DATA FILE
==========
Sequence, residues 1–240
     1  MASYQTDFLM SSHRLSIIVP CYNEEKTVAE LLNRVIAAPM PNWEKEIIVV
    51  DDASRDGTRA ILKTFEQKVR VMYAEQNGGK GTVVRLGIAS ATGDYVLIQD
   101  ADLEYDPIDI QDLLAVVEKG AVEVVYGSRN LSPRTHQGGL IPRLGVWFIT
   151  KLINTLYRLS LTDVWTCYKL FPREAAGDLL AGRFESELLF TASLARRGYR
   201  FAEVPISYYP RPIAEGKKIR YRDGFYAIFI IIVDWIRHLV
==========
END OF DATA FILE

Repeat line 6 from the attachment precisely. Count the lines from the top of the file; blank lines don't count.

   201  FAEVPISYYP RPIAEGKKIR YRDGFYAIFI IIVDWIRHLV